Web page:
Several years ago, my mom made a decision that would change how she lived out the rest of her life. Following a lot of family discussions, research, and tears, she moved to an independent living community.
My mom and dad raised my brothers and me in a small-ish (population: 29,000) southern town. Mom could drive anywhere she wanted. She had been active in our church for more than twenty years. She had the same doctors through the years who knew every ache and pain that she’d experienced. Her circle of friends was rooted in shared experiences in the town. It was where she thought she would live until she died. Then my dad passed away suddenly at 57 from a massive heart attack and, eventually, my brothers and I moved to different states. In 2001, my mom felt she needed to be close to one of us, so she moved into a condo just a few miles from me.
“It took a long time to pack and decide what I could live without,” she recalls. “I had the hardest time trying to figure out where to give stuff away. I had a garage sale to help. Physically, the move was tough, but I was excited about moving.” Although she had left everything familiar to her and was starting from scratch, she seemed to thrive in her new home.
Then the health problems started, and I found myself moving more into the role of caregiver. I was happy to play that role, but my mom, of course, hated having to depend on me. It was a blow to her independence. “I’m not used to that,” she says. “I don’t like people having to take care of me.”
The Search Begins
We did get over the hurdle of that period, but mom had already begun considering a move to independent living. My brothers and I were supportive of her. We knew that it was important to let her decide to move. We were happy to help her tour communities and do research, but she needed to be in charge of making the decision.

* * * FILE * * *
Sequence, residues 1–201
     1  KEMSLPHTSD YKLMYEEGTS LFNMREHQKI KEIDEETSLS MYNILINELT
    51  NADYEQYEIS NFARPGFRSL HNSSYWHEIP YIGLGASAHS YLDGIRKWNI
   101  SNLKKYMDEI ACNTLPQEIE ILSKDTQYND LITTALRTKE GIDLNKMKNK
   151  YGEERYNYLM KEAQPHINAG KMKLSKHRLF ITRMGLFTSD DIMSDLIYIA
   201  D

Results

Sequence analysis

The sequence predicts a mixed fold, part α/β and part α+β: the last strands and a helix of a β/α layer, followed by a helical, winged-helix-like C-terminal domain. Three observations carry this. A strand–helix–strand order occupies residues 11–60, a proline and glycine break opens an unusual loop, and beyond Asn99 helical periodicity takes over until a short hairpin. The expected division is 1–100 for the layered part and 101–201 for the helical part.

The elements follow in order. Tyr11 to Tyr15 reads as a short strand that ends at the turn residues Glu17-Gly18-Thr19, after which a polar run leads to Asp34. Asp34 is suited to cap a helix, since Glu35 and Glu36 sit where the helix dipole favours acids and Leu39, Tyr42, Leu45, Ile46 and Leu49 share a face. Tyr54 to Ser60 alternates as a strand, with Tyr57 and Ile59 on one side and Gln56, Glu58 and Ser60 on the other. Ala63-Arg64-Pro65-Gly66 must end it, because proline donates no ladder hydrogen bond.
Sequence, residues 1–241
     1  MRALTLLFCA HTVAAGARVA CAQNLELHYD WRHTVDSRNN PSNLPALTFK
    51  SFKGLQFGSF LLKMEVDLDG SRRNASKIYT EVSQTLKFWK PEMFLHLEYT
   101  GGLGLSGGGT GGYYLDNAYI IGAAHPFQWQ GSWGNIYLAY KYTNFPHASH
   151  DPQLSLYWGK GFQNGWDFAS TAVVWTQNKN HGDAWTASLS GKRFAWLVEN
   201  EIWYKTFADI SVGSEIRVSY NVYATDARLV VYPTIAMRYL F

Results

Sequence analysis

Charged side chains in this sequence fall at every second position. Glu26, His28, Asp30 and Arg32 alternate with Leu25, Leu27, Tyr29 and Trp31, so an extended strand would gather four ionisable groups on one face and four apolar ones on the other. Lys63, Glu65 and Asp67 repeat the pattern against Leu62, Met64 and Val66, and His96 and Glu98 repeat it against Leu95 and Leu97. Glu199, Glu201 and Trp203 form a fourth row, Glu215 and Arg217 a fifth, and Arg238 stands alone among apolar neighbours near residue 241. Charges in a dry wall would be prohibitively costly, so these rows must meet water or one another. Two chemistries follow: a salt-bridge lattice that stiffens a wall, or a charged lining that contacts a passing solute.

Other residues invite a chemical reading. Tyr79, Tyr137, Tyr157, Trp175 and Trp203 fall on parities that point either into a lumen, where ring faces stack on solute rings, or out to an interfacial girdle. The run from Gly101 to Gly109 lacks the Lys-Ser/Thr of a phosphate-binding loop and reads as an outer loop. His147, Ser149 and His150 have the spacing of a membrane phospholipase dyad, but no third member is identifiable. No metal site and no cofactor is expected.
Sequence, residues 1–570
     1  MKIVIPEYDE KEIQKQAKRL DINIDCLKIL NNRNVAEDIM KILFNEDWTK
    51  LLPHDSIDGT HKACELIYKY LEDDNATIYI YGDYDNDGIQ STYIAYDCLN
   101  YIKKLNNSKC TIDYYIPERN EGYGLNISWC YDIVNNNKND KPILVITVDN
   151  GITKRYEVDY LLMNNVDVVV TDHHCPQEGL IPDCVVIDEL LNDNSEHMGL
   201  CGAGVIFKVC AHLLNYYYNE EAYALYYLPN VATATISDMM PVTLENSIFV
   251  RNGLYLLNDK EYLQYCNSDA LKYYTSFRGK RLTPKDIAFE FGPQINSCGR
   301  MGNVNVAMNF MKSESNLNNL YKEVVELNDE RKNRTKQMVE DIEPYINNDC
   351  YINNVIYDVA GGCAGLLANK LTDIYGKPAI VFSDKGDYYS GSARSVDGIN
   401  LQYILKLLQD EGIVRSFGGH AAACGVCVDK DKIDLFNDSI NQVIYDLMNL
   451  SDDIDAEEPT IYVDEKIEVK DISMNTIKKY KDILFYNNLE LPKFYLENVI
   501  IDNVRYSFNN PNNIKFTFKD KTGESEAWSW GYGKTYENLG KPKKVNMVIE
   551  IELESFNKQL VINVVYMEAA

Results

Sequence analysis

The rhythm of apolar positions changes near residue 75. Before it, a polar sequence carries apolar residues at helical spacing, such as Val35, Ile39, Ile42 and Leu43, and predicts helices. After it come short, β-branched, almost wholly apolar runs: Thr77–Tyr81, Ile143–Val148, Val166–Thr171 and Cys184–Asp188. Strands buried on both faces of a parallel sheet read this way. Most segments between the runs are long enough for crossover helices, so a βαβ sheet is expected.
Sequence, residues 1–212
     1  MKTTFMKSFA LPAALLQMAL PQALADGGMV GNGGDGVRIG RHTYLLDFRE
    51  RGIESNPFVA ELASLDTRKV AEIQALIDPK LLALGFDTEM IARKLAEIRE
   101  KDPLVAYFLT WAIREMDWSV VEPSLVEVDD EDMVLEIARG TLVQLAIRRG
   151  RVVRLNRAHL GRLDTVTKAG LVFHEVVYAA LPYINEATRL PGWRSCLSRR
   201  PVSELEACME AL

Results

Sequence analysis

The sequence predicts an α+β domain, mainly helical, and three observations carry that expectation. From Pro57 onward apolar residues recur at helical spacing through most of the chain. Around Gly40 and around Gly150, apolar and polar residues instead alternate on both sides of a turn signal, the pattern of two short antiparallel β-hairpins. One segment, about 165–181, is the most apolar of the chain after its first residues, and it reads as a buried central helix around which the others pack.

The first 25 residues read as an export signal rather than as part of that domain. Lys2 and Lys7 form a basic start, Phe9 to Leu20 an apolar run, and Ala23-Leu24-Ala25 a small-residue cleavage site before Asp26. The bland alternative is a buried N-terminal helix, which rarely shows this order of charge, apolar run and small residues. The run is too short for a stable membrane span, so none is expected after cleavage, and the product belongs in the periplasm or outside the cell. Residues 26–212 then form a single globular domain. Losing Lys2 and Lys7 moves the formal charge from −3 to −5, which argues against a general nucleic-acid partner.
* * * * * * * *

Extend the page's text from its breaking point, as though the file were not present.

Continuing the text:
As we quickly found out, the search for the perfect place was a little overwhelming. Pricing, location, amenities, floor plans, ambiance, benefits, etc., became part of our daily thoughts and conversations. There was also the matter of what type of community – independent only or multi-level care. There were a couple of communities where my mom and I wanted to immediately turn right back around and leave because they didn’t suit her. In the end, mom decided on a smaller, brand new independent living community located in a growing bedroom town a short drive from me.
She says, “It wasn’t hard to decide because I felt like it was the right thing to do. However, when it was getting close to the actual move, I cried for two weeks. I didn’t want to give up my life.”
After the Move
Once she made the move, though, she quickly settled into the new lifestyle. “There was a sense of freedom with it being smaller. I got acquainted with the other residents right away. I feel like I’m healthier and more sociable,” she notes. “I see people daily and fellowship with them at supper. When I lived in the condo, I sometimes didn’t see people every day. I feel like I made the right decision.”
My brothers and I have seen a marked improvement in her health since she made the move. We also feel confident in knowing that she is safe. For me, I love joining her and her friends for dinner and feel part of a larger family when I’m there. It’s so much fun to watch her walk through the lobby or dining room and see her engage with the people around her. Most importantly, I love seeing her thrive once again. Moreover, mom loves it as well.
For Your Consideration
Here are some things to think about if you or your loved one are beginning your search:
- If they are able, let the parent or loved one decide to move into a community. Be supportive of that decision.
- Decide what type of community is best. There are several options, such as Independent Living and Continuing Care Retirement Communities.
- Make a list of the most critical items to look for, such as price, location, and size.
- Visit some communities that meet the list.
- Ask if you can have a meal in the dining room.
- Ask if there is a guest suite or room that you can stay in for a few days to get a feel for the environment.
- Ask to speak to current residents for their feedback
- Make a list of amenities and features that are important to you. For instance, do you need transportation, what are the dining options, is there a fitness room?
- Don’t be afraid to ask questions. The knowledge of the salespeople for communities is invaluable!
Our team is a great place to get started in the process. Connect with them here.
Julie Dowd is Communications Specialist for Blakeford, Inc. In her role, she is responsible for delivering a consistent brand message throughout the Blakeford campus and general community through social media marketing, publicity, internal communication vehicles, and new media opportunities.